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June 3, 2014
Review: Potion: A Play in Three Cocktails
"Potion" featuring David Skeist, Natalie Hegg, Molly O'Neill, Noah Schultz, Liz Eckert, and Jon Froehlich. Photo by Carrie Leonard.
"Potion" featuring David Skeist, Natalie Hegg, Molly O'Neill, Noah Schultz, Liz Eckert, and Jon Froehlich. Photo by Carrie Leonard.

“Potion,” an experimental play sprung from the strange and creative minds of Kiran Rikhye and Jon Stancato, is a refreshing story that is equal parts Shakespeare, soap opera and "Alice in Wonderland."

The show takes place in a dark but enticing bar decorated with glass canisters of homemade mixes like lychee vodka and cantaloupe rum. The audience is led to benches normally reserved for the lounge’s patrons, but at this play they are no audience no more. They are visitors to Charley’s Potion Lounge where any drink made by bartenders Charlotte and Jim (Natalie Hegg and Noah Schultz) can work its magic to turn the shy into the sexy, the curmudgeons into the humanitarians and the lost into the wise.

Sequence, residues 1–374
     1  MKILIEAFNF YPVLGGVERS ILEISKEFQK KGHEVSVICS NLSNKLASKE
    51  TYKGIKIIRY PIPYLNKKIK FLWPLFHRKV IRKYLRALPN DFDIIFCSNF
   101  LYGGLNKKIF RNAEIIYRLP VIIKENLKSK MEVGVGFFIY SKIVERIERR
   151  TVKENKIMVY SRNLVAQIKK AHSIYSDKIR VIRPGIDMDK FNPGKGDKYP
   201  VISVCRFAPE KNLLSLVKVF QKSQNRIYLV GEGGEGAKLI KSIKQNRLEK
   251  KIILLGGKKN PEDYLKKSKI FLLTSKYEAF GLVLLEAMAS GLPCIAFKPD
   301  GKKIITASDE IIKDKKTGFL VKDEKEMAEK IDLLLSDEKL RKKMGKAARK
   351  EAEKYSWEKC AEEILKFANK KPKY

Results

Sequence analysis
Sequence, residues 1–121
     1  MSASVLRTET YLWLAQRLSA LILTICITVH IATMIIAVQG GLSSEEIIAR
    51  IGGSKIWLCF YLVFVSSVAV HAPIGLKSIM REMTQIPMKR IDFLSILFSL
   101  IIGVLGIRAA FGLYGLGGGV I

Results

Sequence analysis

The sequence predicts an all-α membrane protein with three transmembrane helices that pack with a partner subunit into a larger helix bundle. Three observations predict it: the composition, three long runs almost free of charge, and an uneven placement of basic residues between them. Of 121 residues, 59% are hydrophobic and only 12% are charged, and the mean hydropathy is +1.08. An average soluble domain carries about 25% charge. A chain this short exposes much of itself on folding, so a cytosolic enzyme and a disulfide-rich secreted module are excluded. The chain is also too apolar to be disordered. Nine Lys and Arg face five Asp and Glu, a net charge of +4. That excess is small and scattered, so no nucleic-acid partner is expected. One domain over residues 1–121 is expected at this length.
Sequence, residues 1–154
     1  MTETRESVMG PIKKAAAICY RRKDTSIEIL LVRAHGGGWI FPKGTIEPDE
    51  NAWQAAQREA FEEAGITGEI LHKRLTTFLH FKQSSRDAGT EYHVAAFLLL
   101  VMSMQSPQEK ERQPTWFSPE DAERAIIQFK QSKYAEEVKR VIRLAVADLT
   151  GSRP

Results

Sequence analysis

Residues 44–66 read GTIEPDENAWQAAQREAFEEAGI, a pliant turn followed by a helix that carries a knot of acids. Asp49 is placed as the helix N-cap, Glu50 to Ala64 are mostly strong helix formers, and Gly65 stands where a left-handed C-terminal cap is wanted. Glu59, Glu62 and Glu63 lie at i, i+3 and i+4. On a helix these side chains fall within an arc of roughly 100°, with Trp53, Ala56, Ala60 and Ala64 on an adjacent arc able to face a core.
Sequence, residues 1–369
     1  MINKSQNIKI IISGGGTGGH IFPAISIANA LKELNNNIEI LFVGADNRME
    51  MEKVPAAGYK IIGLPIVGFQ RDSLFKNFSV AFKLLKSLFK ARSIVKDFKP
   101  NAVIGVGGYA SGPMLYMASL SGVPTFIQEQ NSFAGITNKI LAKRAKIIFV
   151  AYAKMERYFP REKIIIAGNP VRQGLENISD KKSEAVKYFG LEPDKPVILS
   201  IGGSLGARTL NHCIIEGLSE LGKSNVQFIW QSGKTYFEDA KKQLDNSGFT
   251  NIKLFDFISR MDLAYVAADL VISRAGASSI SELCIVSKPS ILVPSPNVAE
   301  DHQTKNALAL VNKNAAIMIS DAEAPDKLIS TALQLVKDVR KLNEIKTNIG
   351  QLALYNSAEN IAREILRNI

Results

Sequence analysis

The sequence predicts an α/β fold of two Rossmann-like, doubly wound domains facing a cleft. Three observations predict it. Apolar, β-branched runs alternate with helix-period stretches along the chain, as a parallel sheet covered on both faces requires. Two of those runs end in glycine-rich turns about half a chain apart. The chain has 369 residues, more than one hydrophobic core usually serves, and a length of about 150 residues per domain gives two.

The characters that come into the potion lounge are all looking for something they can find in a bottle. Charley can make anything except a love potion for herself, which she desperately wants to use to make the bar’s endearingly stubborn co-owner Tom (Raife Baker) fall in love with her.

The script, a “spoken word opera,” calls for the dialogue to be spoken in a rhythm that sometimes makes the scenes hypnotic and exciting and other times just falls into a mildly annoying staccato. The actors (Liz Eckert, Jon Froehlich, Molly O’Neill and David Skeist) play off each other nicely. David Skeist and Molly O’Neill are especially hilarious while transforming into their desired effects of the liquid. Noah Schultz’s deadpan delivery is also a great balance to Charley’s emotional execution.

Cast in "Potion."  Photo by Carrie Leonard.
Cast of "Potion." Photo by Carrie Leonard.

The drinks, served three times, act as the curtain dividing the play into sections. Each cocktail is served in a unique and quirky glass bottle with titles that help the audience experience the performance. Cooked up by talented mixologist Marlo Gamora, the cocktails are sometimes sweet and bubbly, sometimes dark and serious but like the show, always surprising.

“Potion” is an innovative play that deals with so many mini plots and subtle insights that it leaves you wishing the show lasted for more than its 90 minutes. However, after the actors bow, audience patrons are invited to stick around and drink some more, talk to the cast and continue their good time.


Sundays through June 15 at the People Lounge.

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Written by: Aviva Woolf
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